The Hood River glacier. (Hood River, Or.) 1889-1933, April 15, 1898, Image 1

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It's a Cold Day When We Get Left.
NO. 47.
A Practical Declaration
of War With Spain.
Spain's Armistice Decree Reported
Without Recommendation Recogni
tion of Cuban Independence Declared
to Be Unwarranted and Inexpedient.
President MoKinley Monday sent tb
- following message to the congress of
the United States:
Obedient to.that precept of the consti
tution which commands the president t
give from time to time the congress In
formation of the state of the Union and
to recommend to Its consideration such
i measures as he Bhall Judge necessary and
expedient. It becomes my duty now to
address your body with regard to the
grave condition that has arisen In the
relations of the United States and Spain,
by reason of the warfare that for more
than three years has raged In the nelgh
. boring Island of Cuba. I do so because of
the Intimate connection of the Cuban
question with the state of our Union, an
because of. the grave relations which the
course which is Incumbent upon the nation
.to adopt must needs bear to the tra
ditional policy of our government, if It
Is to accord with the precepts laid down
by the founders of the republic and re
ligiously observed by succeeding adminis
trations to the present day. ' '
The Cuban Revolution.
The present revolution Is but the suc
cessor of other similar Insurrections whieli
have occurred in Cuba against the do
minion of Spain, extending over a period
of nearly half a century, each of which,
during its progress, has subjected the
United States to great effort and expense
in enforcing Its neutrality laws, caused
enormous loss. to. American trade and
commerce, caused Irritation, annoyance
and disturbance among our citizens, and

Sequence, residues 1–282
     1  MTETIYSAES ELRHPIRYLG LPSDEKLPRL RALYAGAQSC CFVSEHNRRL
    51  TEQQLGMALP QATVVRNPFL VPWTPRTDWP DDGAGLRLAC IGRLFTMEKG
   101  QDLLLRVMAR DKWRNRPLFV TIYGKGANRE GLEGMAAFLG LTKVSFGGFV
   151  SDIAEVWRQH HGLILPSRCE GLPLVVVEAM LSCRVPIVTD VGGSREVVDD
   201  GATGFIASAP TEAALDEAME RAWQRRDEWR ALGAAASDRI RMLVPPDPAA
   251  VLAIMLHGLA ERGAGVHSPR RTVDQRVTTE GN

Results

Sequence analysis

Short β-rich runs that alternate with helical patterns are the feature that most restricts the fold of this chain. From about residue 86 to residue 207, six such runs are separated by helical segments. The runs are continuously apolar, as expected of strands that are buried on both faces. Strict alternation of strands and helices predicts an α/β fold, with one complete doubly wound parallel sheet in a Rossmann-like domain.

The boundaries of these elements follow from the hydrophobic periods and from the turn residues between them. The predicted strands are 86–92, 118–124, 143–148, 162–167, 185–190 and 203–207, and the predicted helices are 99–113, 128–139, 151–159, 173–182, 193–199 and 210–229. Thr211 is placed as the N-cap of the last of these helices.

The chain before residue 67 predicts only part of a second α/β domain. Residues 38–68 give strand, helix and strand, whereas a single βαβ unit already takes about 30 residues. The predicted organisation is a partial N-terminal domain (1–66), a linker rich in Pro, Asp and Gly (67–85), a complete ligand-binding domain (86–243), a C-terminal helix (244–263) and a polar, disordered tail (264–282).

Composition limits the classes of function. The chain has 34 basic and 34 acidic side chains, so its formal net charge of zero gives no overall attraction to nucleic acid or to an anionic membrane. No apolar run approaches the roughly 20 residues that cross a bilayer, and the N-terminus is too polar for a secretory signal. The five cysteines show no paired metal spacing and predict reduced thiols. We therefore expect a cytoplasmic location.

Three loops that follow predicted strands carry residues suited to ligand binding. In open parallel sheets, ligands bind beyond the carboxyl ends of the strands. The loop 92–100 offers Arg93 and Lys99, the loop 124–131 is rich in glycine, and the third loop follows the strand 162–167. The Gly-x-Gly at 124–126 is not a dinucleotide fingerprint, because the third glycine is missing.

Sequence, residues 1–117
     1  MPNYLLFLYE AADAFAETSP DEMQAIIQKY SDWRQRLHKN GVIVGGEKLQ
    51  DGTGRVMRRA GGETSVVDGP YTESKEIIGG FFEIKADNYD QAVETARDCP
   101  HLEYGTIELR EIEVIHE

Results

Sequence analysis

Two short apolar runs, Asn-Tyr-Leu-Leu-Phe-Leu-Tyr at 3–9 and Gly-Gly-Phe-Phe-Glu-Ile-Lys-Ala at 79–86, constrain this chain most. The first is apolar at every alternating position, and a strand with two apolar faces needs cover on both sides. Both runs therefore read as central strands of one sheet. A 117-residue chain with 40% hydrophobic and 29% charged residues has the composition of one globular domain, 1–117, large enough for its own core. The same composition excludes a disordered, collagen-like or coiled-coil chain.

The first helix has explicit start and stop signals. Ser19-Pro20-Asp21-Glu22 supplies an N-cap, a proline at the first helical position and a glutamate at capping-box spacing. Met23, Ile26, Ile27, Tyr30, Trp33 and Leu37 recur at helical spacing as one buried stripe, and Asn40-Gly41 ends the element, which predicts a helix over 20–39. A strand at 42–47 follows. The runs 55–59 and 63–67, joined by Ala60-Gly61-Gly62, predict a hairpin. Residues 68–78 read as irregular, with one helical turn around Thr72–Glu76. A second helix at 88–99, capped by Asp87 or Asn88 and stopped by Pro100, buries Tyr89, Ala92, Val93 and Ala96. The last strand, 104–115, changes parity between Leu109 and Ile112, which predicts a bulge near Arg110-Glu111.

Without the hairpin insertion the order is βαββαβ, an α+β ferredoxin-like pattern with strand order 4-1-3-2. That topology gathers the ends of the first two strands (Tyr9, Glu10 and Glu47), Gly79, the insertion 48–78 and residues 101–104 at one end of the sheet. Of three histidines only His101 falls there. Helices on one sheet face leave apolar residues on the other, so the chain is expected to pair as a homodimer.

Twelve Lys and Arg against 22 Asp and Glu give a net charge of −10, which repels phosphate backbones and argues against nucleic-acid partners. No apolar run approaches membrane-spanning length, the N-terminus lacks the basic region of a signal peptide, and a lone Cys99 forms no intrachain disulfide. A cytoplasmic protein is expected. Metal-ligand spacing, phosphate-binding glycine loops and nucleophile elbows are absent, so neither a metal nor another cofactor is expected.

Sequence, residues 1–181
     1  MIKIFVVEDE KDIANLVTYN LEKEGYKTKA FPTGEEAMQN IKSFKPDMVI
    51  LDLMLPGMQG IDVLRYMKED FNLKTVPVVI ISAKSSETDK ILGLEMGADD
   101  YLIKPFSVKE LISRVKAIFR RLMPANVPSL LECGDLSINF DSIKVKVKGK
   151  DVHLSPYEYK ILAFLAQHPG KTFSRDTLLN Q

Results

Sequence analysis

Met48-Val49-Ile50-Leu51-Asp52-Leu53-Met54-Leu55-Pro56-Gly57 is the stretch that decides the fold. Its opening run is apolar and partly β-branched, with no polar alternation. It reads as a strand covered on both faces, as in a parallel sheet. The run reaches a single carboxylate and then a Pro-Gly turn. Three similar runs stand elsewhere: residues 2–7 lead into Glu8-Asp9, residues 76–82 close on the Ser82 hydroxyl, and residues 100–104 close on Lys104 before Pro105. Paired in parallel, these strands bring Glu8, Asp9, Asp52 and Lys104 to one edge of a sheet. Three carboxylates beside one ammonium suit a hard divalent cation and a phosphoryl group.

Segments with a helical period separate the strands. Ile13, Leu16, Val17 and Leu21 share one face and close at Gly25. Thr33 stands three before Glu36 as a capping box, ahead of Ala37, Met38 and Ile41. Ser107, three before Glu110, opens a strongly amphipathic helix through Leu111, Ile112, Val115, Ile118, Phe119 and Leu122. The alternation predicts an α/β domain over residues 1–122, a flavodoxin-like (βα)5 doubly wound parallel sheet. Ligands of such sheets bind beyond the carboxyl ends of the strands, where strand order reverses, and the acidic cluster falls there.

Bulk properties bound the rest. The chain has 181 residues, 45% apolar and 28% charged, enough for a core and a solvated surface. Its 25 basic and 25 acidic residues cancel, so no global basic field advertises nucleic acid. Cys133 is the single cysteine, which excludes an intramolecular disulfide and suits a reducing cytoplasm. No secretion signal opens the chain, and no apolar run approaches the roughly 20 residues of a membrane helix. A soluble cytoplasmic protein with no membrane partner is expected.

by the exercise of cruel, barbarous and
uncivilized practices of warfare, shocked
the sensibilities and offended the human
sympathies of our people.
Since the. present revolution began, In
February, 1895, this country has seen the
fertile domain at our threshold ravaged
by fire and sword in the course of a
struggle unequaled in the history of the
Island, . and rarely paralleled as to the
number of the combatants and the bitter-
ness of the contest by any revolution of
modern times, where a dependent people
striving to be free have been opposed by
; the power of the sovereign state. Our
people have beheld a once' prosperous
community reduced to comparative want,
Jts commerce virtually paralyzed. Its ex
ceptional productiveness diminished, its
fields laid waste. Its mills In ruins and
Its people perishing by tens of thousands
from hunger and destitution.
Damage to American Interests.
We have felt ourselves constrained, In
the observance of that strict neutrality
which our laws enjoin and which the laws
of nations command, to police our own
waters arid watch our, own seaports In
prevention of any unlawful act In aid of
Cuba. Our trade has suffered; the capi
tal Invested by our citizens In Cuba has
been largely lost, and the temper and for
bearance of ' our people have been so
sorely tried as to beget a perilous unrest
among our own citizens, which has Inevi
tably followed Its expression from time
to time In the national legislature so. that
Issues wholly external to our body poli
tic engross attention and stand in the way
of more - close devotion to domestic ad
vancement that becomes a Belt-contented
commonwealth, whose primal maxim has
been the avdldance of . all foreign en
tanglements. All this must needs awaken
and has Indeed aroused the utmost con
cern on the part of this government as
well during my predecessor's as dur
ing my own administration.
A Previous Effort to Restore Peace.
In April, 1896, the evils from which our
country suffered through the Cuban war
became so enormous that my predecessor
made an effort to bring about peace
through the mediation of the government
in any way that might tend to an honor
. (i'-.le adjustment of the contest between
Spain and her revolting colony on the ba
, sis of some effective scheme of self
government for Cuba, under the flag
and sovereignty of Spain. It failed,
through the refusal of the Spanish gov
ernment then In power to consider any
form of mediation or indeed any plan
of settlement which did not I ggln with
the actual submission of the Insurgents
to the mother country and then only on
such terms as Spain herself might see fit
to grant. -
Weyler'a Inhuman Policy.
The war continued unabated. The re
sistance of insurgents was In no wise
diminished. The efforts of Spain were In
creased, both by the dispatch of fresh
levies to Cuba and by additions to the
horrors of the strife. The new and In
human phase, happily unprecedented In
the modern history of civilized Christian
- people, the policy of devastation and con